https://www.amazon.com/Ubiquiti-Networks-802-11ac-Dual-Radio-UAP-AC-PRO-US/dp/B015PRO512
If not, well that's basically what you need. AC.

Nah it sounds like he's talking about NGFW features, like Intrusion Detection/Prevention, etc. These are features that a normal router doesn't even have. I have listed some basic specs and prices above, just to demonstrate the kind of money we're talking about here.

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Just now, JCBiggs said:

Sounds like PF Sense/Snort it is then!   Thanks for the reply

Yeah lol we're actually in the middle of doing a Firewall replacement at work, so I've got these details in mind! (Mind you, we're looking at a significantly higher end device...)

 

Just make sure to do some research on specs for the Server, since you'll need enough processor power and RAM to ensure you actually hit the throughput you want.

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13 minutes ago, dalekphalm said:

Yeah lol we're actually in the middle of doing a Firewall replacement at work, so I've got these details in mind! (Mind you, we're looking at a significantly higher end device...)

 

Just make sure to do some research on specs for the Server, since you'll need enough processor power and RAM to ensure you actually hit the throughput you want.

You know i think it would probably be cheaper to buy another USG and split the traffic.  What would you  think abou that?  I could just use router 0 for vlan 0 and send the rest of the traffic, unchecked  to the second router.  That would get me up to about 700 which .i'm good with. I think that would work and I can get another pro for 250.    

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1 hour ago, JCBiggs said:

You know i think it would probably be cheaper to buy another USG and split the traffic.  What would you  think abou that?  I could just use router 0 for vlan 0 and send the rest of the traffic, unchecked  to the second router.  That would get me up to about 700 which .i'm good with. I think that would work and I can get another pro for 250.    

As long as it supports load balancing, sure - unless you're gonna do the load balancing before the router, which would also work.

 

Though I have no idea if that'll be a good setup or not. Could work well enough though, yeah.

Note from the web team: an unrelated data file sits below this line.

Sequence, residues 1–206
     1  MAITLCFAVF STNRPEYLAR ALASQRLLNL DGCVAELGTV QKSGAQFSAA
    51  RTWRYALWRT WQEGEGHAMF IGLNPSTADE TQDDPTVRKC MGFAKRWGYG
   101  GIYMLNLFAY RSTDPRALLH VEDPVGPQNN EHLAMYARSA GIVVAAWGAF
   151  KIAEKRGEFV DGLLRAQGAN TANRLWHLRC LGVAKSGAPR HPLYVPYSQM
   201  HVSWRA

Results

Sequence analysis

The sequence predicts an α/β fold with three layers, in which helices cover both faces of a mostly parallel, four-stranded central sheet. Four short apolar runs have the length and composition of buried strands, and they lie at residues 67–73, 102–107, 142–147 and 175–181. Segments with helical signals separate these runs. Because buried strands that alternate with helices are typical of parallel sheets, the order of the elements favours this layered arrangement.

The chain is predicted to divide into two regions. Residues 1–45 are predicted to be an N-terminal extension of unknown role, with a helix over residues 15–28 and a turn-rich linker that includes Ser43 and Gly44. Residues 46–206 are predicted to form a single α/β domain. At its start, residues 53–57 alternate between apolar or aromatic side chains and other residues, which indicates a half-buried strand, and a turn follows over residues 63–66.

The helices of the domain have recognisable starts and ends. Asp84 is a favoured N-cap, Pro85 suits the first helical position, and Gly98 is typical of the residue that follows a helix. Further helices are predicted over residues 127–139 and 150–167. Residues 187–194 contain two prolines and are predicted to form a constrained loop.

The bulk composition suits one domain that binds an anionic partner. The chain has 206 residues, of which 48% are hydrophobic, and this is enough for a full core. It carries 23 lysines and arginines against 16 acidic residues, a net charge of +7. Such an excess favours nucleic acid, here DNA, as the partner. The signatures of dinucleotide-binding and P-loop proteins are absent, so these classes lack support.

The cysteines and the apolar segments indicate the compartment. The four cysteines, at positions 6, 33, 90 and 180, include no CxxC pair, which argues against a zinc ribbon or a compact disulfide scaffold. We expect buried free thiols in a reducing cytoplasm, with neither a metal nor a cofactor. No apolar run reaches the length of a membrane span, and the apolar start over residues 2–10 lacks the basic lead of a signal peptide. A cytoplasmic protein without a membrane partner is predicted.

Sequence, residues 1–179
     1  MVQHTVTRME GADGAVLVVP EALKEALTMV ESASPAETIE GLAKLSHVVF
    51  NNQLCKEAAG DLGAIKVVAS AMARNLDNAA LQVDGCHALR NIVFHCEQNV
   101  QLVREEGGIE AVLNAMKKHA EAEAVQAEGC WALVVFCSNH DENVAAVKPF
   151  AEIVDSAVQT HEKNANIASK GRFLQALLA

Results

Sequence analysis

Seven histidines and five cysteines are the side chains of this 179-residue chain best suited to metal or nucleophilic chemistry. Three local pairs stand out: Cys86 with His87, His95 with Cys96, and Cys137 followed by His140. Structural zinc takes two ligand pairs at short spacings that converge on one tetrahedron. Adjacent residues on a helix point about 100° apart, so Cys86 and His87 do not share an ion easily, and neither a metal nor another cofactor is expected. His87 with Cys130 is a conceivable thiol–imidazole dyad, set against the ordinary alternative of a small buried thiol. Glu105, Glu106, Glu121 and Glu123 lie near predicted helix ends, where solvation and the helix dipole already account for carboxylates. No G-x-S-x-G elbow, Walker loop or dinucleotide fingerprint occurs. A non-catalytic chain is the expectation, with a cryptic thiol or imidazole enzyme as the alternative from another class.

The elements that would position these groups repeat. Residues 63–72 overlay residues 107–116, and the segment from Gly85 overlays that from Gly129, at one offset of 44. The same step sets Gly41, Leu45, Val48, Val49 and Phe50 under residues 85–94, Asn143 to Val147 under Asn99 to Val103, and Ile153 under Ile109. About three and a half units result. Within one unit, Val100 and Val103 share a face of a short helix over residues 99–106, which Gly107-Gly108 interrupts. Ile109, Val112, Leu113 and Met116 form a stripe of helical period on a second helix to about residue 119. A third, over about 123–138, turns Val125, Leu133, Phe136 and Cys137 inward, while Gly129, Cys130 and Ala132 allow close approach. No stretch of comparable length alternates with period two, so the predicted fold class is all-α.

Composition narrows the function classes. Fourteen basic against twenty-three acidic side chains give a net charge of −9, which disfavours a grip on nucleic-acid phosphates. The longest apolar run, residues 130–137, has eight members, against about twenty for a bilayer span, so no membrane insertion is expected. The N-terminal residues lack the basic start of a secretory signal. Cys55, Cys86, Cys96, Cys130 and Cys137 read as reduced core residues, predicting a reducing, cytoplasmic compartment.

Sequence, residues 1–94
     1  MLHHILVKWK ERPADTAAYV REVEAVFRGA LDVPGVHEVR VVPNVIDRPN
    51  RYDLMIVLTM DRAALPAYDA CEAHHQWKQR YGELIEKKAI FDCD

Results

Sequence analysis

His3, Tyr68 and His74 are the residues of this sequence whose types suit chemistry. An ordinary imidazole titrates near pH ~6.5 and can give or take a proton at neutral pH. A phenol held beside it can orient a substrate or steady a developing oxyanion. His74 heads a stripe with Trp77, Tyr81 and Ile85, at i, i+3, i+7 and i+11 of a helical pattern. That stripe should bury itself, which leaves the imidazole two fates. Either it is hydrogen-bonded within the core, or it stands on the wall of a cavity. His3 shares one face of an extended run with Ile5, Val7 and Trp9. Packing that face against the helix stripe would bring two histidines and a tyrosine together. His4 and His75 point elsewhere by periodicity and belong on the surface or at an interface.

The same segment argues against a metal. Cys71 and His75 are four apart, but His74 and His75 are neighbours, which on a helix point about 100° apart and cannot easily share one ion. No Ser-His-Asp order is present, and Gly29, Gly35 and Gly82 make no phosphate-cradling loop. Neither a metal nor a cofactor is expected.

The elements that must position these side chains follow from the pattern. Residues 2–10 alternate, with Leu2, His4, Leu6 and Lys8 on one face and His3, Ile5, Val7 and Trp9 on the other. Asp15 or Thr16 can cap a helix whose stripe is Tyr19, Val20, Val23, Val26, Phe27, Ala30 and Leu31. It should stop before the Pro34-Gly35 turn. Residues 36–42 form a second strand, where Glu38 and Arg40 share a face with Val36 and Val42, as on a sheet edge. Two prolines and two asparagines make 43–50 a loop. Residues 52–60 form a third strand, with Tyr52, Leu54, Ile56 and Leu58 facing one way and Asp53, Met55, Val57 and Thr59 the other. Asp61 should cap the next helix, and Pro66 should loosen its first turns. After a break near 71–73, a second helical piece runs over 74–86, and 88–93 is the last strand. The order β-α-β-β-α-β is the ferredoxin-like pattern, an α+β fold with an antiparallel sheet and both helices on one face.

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21 hours ago, dalekphalm said:

As long as it supports load balancing, sure - unless you're gonna do the load balancing before the router, which would also work.

 

Though I have no idea if that'll be a good setup or not. Could work well enough though, yeah.

I would just use V lan Tags, and send v lan 1 through router 0 without being filtered. that way router 0 only checks vlan 0 traffic, and forwards the rest. 

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On 12/10/2018 at 8:14 PM, dalekphalm said:

Most (all?) consumer routers will not even have IDS/IPS at all, so you're basically looking at SOHO at the low end. You're going to be paying a lot for something that can handle IDS/IPS at Gigabit speeds.

 

Example, the entry level Meraki MX65 is ~$850 retail, plus another ~$565 for a 1-year Advanced Security license (You can save about half the cost by going with an Enterprise license instead, but the Enterprise license doesn't have the full IPS features). So this is ~$1400, and the MX65 only has 200 Mbps throughput with all security features enabled.

 

Let's take another example: The FortiGate 90E, which is a high-end SOHO firewall. This guy is around ~$2200 to start, and he tops out at 270 Mbps with all security features enabled. If you are just using IPS and not the other features, he can hit 450 Mbps. If you turn off all NGFW features, and just use it as a "old school" ACL firewall, it can hit 4Gbps.

 

So, honestly, the $2500 router that you can get seems like a decent deal.

 

EDIT: So the lowest end FortiGate NGFW (Next Generation Firewall) that could handle Gigabit is the FortiGate 200E - this guy starts at $5500.